We can start by rewriting the equation as \(1 + 5^{t} = 2^{x} + 10*2^{y-1}*5^{z - 1}.\)

Now \(1 + 5^{t} \equiv 26 \pmod{100}.\) Also, \(2^{x} \equiv 6 \pmod{10}\) for \(x = 4m, m \ge 1.\) Further, \(16^{m} \pmod{100}\) cycles through \(16, 56, 96, 36, 76, 16, ....\), none of which is \(26.\) So for the RHS of the equation to have any chance of being equivalent to \(26 \pmod{100}\) we cannot have both \(y,z \ge 2,\) as this would make the second term of the RHS a multiple of \(100.\)

Now if \(y = z = 1\) then we have \(1 + 5^{t} = 16^{m} + 10.\) By observation \(t = 2, m = 1\) satisfies this equation, making \((x,y,z,t) = (4,1,1,2)\) our first solution. Noting the cycle of residues modulo \(100\) mentioned above we note that \(m = 1 + 5n\) for non-negative \(n\). So our equation in this case can be further refined to \(5^{t} = 16*16^{5n} + 9.\) It seems unlikely that there are any more solutions in this case, but I haven't come up with a proof yet.

If \(y = 1, z \gt 1\) then the equation becomes \(1 + 5^{t} = 16^{m} + 50*5^{z - 2}.\) For the RHS to be equivalent to \(26 \pmod{100}\) we will require that \(m = 5 + 5n\) for non-negative \(n.\) So our equation can be further refined to \(1 + 5^{t} = 16^5*16^{5n} + 50*5^{z-2}.\) Again, I need to work on a proof that there are no solutions.

If \(z = 1, y \gt 1\) then the equation becomes \(1 + 5^{t} = 16^{m} + 20*2^{y-2}.\) Since none of \(6, 86, 66, 46\) or \(26\) show up in the cycle of residues discussed above, there will be no solutions generated from this case.

So that narrows things down to two equations; others are welcome to continue along this train of thought and complete the proof. I need sleep. :)

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## Comments

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TopNewestJust a few thoughts to get the ball rolling ....

We can start by rewriting the equation as \(1 + 5^{t} = 2^{x} + 10*2^{y-1}*5^{z - 1}.\)

Now \(1 + 5^{t} \equiv 26 \pmod{100}.\) Also, \(2^{x} \equiv 6 \pmod{10}\) for \(x = 4m, m \ge 1.\) Further, \(16^{m} \pmod{100}\) cycles through \(16, 56, 96, 36, 76, 16, ....\), none of which is \(26.\) So for the RHS of the equation to have any chance of being equivalent to \(26 \pmod{100}\) we cannot have both \(y,z \ge 2,\) as this would make the second term of the RHS a multiple of \(100.\)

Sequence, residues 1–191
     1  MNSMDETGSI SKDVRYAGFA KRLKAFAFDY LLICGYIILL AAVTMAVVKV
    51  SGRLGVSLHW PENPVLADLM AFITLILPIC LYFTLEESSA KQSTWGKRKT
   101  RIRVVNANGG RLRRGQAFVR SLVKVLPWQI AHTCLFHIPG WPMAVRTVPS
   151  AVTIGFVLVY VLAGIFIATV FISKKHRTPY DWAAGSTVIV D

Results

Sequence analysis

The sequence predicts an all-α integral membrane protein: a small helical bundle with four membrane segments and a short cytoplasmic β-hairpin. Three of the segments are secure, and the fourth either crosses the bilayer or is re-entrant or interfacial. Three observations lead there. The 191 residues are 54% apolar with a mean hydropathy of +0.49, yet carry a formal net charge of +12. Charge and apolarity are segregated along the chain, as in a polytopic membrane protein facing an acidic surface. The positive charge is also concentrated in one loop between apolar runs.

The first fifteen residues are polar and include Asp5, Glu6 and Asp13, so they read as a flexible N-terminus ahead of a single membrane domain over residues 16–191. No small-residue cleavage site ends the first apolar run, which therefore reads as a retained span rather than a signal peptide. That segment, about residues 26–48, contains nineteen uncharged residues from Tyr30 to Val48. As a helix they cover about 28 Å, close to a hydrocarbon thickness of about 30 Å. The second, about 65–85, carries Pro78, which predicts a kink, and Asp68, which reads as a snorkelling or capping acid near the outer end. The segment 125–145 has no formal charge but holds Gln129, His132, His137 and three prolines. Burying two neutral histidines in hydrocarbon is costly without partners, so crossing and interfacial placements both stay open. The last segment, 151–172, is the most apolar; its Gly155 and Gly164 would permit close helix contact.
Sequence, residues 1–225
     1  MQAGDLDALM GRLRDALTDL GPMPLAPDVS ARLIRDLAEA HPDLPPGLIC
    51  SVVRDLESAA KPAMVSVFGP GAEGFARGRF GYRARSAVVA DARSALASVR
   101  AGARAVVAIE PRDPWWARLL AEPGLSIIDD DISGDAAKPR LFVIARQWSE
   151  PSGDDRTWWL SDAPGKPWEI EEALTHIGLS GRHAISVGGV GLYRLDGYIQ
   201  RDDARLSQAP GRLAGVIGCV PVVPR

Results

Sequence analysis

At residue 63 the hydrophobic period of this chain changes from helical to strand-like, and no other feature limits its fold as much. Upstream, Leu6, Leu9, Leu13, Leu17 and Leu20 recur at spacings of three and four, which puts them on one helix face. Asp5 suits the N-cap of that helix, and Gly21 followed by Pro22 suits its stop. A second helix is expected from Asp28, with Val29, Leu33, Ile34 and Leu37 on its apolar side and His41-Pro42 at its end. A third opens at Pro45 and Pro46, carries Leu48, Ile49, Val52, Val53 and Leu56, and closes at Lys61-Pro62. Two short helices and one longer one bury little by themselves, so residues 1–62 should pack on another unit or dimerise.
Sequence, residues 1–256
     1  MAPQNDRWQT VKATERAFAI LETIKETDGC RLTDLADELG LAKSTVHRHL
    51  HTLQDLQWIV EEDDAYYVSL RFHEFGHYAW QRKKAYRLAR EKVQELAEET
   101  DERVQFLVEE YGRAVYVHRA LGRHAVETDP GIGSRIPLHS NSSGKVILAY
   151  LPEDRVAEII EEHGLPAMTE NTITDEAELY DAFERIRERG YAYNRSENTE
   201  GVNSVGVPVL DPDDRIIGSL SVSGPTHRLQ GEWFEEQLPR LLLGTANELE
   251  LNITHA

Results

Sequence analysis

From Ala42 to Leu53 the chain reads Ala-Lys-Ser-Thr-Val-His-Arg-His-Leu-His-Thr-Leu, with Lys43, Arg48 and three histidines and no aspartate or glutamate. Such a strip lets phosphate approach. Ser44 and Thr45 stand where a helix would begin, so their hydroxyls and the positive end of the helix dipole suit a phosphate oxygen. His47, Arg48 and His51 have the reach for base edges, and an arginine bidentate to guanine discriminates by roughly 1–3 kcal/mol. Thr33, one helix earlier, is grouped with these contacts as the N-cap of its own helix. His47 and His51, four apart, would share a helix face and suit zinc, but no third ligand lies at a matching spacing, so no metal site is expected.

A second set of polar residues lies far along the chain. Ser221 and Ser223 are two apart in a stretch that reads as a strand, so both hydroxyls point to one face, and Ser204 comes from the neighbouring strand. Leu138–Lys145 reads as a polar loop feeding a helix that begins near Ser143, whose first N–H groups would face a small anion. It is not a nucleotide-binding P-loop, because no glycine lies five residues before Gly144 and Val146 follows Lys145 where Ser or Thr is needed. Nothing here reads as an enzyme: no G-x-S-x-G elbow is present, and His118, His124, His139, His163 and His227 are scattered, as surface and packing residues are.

Now if \(y = z = 1\) then we have \(1 + 5^{t} = 16^{m} + 10.\) By observation \(t = 2, m = 1\) satisfies this equation, making \((x,y,z,t) = (4,1,1,2)\) our first solution. Noting the cycle of residues modulo \(100\) mentioned above we note that \(m = 1 + 5n\) for non-negative \(n\). So our equation in this case can be further refined to \(5^{t} = 16*16^{5n} + 9.\) It seems unlikely that there are any more solutions in this case, but I haven't come up with a proof yet.

If \(y = 1, z \gt 1\) then the equation becomes \(1 + 5^{t} = 16^{m} + 50*5^{z - 2}.\) For the RHS to be equivalent to \(26 \pmod{100}\) we will require that \(m = 5 + 5n\) for non-negative \(n.\) So our equation can be further refined to \(1 + 5^{t} = 16^5*16^{5n} + 50*5^{z-2}.\) Again, I need to work on a proof that there are no solutions.

If \(z = 1, y \gt 1\) then the equation becomes \(1 + 5^{t} = 16^{m} + 20*2^{y-2}.\) Since none of \(6, 86, 66, 46\) or \(26\) show up in the cycle of residues discussed above, there will be no solutions generated from this case.

So that narrows things down to two equations; others are welcome to continue along this train of thought and complete the proof. I need sleep. :)

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Adarsh Kumar Nihar Mahajan Lakshya Sinha @Dev Sharma

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